Well, surely there would be risks in an adventure as fraught with danger as rescuing a Princes:

I set up a new Issue Type called “Risk,” added it to the Issue Type Scheme, and started entering risks.

 

 Risk.JPG

And of course, The Rescue wasn’t the only thing going on…there was a whole other project being run by Prince Humperdinck to consider…

 Image-1.png

So, I set up another project from his point of view and started creating dependencies between projects, assigning team members, and putting the stories from both viewpoints together in a couple of add-ons.

In short, know that mistakes will be made, and that is okay. By taking the technology out of the equation I was able to think in ways that tasked the creative side of my brain and squeezed in the logic of managing a project without worrying about what I was doing in the tool.

Most of all, not only did I have WAY too much fun doing this, but I learned just how powerful Jira can be when it is set up to optimize a project team’s processes, gained invaluable experience with creating stuff in Jira from scratch (and troubleshooting it when I broke things) and I am now, after just 6 months on the job, an integral part of the team, one of the few Jira experts in the entire company, and a resource for other teams.

Oh…and if I never have to go back to MS Project I will be a happy PM.

 

 

 

13 comments

Meg Holbrook Community Leader Sep 06, 2018

@Scott Theus - you did such a great job on this, and from an approach that I never would have considered. Similarly, I was thrown into the flames in my current line of work and had to become the Atlassian product expert and develop the structure as well as the process.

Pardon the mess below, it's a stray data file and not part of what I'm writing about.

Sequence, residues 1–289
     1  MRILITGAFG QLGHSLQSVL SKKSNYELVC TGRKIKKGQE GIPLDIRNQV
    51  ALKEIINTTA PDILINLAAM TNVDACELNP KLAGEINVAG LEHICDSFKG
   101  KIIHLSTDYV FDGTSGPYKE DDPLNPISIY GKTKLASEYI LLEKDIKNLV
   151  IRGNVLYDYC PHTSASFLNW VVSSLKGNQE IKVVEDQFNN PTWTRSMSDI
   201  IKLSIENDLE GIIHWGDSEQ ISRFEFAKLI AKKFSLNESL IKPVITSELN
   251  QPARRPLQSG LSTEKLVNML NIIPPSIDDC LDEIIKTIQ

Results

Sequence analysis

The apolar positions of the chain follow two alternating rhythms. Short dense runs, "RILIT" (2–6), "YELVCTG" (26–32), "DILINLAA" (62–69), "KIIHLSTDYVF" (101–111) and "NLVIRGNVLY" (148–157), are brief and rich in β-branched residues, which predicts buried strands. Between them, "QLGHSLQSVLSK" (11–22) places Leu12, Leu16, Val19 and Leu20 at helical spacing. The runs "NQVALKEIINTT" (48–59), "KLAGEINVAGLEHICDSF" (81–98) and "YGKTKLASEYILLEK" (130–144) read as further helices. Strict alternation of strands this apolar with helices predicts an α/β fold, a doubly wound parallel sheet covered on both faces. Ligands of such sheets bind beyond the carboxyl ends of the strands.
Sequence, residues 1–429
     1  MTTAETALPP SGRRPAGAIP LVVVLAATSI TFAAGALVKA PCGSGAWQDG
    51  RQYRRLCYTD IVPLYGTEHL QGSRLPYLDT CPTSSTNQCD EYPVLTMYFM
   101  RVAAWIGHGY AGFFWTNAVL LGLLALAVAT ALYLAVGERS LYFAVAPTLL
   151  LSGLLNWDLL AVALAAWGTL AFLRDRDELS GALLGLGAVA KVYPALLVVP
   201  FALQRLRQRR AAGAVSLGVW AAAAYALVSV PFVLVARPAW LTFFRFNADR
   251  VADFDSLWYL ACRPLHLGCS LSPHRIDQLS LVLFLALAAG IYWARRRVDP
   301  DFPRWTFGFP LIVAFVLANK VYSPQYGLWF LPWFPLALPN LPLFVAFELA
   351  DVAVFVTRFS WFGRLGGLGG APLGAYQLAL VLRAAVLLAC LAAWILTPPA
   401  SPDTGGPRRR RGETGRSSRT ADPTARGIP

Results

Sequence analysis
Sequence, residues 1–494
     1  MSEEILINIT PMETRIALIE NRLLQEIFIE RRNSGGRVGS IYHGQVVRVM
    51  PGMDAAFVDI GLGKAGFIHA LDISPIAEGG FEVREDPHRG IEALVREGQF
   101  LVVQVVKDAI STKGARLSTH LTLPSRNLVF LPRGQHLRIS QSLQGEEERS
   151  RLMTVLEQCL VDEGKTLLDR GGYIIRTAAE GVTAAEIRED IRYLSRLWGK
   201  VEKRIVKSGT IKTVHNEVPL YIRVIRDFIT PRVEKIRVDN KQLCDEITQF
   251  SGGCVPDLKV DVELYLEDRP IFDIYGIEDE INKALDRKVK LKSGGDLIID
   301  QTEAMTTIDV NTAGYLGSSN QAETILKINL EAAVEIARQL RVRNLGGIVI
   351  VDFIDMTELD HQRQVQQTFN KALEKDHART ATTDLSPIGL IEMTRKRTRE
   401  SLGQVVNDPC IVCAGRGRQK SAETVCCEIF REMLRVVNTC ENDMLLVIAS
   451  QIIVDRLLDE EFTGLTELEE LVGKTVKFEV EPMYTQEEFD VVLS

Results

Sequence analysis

Sometimes I feel like the 'full immersion' experience really is the best way to learn!

This is my favorite part of your article:

In short, know that mistakes will be made, and that is okay. By taking the technology out of the equation I was able to think in ways that tasked the creative side of my brain and squeezed in the logic of managing a project without worrying about what I was doing in the tool.

Good article. Unfortunately just as you get to grips with the layout of the current iteration of JIRA Cloud, you have that inevitable event of going home.

 

That's when the spanner monkeys come out of the darkness. Screen, links, icons that were all familiar just hours prior, in both location and where they led to have now vanished - or moved to some incomprehensible area behind several more clicks.

 

I don't think I've used "See the old view" so much before, but I'm so very glad that it exists in the first place. When you have daily tasks at hand using an online system that shifts like the dunes of the Sahara, it does add some frustration to the process of using the software. You go home on Friday night.... what are you going to return to on the Monday morning??!

Davin Studer Community Leader Sep 07, 2018

@Scott Theus such an inconceivably great approach to learning a new tool! Tool ... tool ... if you didn't learn it you'd be a ... *fool*. Oh, and also you killed my father, prepare to ... oh wait, that wasn't you, sorry.

Great job @Scott Theus loved reading this and now I need to go back and re-watch The Princess Bride again!!

@Scott Theushahaha this is way too cool.

Unique approach.

 

Thanks for sharing